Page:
TV Cops Are Donating Earnings to Support the Black Lives Matter Protesters

Matt Miller
Photo credit: FOX

From ELLE

Cop dramas are as American as apple pie. For more than half a century, Hollywood has shaped our collective understanding, and general high opinion, of police work. As an excellent reported series from the Washington Post pointed out in 2016, "police pressure, government regulation and censorship helped mold pop culture’s stories about the police." As such, it has become the norm that law enforcement is almost always positioned as the heroes in shows such as Law & Order, NYPD Blue, The Shield, and CSI.

And this week, as peaceful protests and violent outbursts spread throughout the nation in response to police brutality and the killing of George Floyd by a law enforcement officer, Vulture's Kathryn VanArendonk wrote about the popularity of fictional cops set against this grim context. "TV has long had a police’s-eye perspective that helps shape the way viewers see the world," she wrote, "prioritizing the victories and struggles of police over communities being policed."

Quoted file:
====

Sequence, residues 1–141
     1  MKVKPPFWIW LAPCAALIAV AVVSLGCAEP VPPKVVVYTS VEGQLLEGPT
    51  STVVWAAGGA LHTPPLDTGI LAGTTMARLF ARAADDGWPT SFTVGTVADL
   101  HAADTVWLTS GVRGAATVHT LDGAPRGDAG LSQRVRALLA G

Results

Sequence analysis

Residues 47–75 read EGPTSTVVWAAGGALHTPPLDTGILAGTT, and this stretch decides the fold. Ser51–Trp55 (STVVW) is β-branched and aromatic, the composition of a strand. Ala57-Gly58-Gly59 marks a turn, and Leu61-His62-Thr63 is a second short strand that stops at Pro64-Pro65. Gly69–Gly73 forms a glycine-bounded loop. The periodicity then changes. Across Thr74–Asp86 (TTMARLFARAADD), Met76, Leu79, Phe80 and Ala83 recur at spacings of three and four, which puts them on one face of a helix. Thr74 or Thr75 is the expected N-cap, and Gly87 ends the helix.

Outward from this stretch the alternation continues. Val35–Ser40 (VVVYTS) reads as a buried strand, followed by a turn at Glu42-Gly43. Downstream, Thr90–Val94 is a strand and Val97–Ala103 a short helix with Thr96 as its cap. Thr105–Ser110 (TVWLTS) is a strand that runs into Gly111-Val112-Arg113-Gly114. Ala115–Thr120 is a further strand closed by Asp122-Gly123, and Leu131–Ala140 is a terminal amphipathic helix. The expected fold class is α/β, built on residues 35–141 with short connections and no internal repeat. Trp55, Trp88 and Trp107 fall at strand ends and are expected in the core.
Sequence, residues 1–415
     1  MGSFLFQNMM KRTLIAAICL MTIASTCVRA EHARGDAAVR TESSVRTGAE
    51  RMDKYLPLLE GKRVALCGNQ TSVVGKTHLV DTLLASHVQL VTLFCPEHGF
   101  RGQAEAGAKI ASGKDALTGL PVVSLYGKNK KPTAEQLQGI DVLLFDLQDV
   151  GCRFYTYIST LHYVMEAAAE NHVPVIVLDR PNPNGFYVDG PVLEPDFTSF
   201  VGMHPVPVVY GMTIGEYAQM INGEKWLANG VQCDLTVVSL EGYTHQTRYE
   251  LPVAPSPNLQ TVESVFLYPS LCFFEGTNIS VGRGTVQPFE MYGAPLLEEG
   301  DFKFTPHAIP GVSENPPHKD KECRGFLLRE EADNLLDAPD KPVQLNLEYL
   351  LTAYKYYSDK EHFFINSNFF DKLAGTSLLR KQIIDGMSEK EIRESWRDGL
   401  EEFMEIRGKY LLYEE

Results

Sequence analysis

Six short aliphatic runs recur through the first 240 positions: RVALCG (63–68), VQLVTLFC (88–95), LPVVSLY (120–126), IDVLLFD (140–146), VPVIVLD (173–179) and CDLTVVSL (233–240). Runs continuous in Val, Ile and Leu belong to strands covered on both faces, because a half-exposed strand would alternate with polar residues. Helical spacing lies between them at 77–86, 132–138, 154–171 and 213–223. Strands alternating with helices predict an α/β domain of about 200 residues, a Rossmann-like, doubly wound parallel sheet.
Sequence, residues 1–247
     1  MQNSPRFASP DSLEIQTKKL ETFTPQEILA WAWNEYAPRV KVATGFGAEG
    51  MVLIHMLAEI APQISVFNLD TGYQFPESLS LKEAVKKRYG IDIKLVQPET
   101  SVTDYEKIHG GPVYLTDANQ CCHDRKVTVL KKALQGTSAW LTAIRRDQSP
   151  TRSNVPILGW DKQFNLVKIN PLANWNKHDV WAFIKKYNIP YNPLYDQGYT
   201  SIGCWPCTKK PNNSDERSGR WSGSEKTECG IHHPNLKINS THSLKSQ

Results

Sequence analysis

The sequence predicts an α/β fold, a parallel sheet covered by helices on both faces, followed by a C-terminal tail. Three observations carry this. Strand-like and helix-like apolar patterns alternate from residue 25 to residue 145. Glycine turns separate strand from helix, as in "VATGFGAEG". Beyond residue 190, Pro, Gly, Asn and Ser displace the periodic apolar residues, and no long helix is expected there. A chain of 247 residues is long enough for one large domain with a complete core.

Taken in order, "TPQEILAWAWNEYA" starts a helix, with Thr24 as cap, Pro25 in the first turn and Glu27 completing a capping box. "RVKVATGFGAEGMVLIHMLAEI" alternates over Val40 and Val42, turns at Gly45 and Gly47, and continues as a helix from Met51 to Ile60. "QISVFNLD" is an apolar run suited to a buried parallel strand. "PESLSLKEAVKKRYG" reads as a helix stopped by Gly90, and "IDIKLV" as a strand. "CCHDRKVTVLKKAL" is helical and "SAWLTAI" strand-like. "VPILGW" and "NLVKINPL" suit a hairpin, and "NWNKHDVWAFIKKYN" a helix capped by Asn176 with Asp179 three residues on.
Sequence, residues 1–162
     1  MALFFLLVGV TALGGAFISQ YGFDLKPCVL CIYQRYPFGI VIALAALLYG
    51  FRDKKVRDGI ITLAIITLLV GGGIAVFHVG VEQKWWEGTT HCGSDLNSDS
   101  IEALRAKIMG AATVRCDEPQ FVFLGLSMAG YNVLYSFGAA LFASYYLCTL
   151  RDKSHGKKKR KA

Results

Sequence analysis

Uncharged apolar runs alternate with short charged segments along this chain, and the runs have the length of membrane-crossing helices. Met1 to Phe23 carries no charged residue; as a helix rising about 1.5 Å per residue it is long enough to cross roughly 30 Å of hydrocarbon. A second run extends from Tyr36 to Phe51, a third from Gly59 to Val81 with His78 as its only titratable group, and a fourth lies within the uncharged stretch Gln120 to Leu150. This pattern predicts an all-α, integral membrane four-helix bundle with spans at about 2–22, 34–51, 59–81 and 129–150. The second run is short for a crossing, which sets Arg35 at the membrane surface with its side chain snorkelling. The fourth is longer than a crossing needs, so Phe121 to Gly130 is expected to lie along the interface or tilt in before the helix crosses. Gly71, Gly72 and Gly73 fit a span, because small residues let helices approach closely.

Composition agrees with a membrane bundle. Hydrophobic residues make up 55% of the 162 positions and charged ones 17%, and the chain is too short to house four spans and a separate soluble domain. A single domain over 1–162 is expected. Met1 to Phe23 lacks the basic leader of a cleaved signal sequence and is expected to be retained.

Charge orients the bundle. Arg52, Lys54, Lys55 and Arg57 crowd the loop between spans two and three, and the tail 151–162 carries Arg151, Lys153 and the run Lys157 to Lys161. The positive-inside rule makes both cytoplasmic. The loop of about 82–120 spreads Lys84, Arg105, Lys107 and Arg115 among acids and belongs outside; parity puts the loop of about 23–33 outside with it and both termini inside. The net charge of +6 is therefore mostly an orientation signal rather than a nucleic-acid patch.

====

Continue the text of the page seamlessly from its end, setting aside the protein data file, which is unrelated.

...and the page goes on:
Many Americans associate police work with the moral high ground and the fictional officers they see in beloved shows like NCIS, Law & Order, Brooklyn Nine-Nine, CSI, Chicago PD, Blue Bloods, and going all the way back to Dragnet. Now, some actors who have benefitted from that paradigm, playing law enforcement individuals, are giving their residuals to help free those who have been jailed while protesting.

On Monday night, actor Griffin Newman posted that "I’m an out-of-work actor who (improbably) played a detective on two episodes of BLUE BLOODS almost a decade ago. If you currently play a cop? If you make tens or hundreds of thousands of dollars a year in residuals from playing a cop? I’ll let you do the math."

He then posted an image of a donation of $11,000 to the Community Justice Exchange and ActBlue Charities. As its mission statement reads on the website:

Every day, community bail & bond funds raise money to free our friends and neighbors from local and county jails as well as immigration jails. This is always urgent work as jails, prisons, and immigration jails have always been sites of violence and death.

In response, a number of other actors who play cops on TV have followed suit. On Tuesday morning, Brooklyn Nine-Nine star Stephanie Beatriz posted the same message and thanked Newman for leading the way.

Behind-the-scenes names are getting involved as well. Céline Robinson, who has written for Law & Order: SVU posted that she was also donating.

Other Twitter users have also called upon more TV cops to join in on the movement. If you are also looking for ways to support the protests, we've compiled a list of how to contribute no matter where you are.

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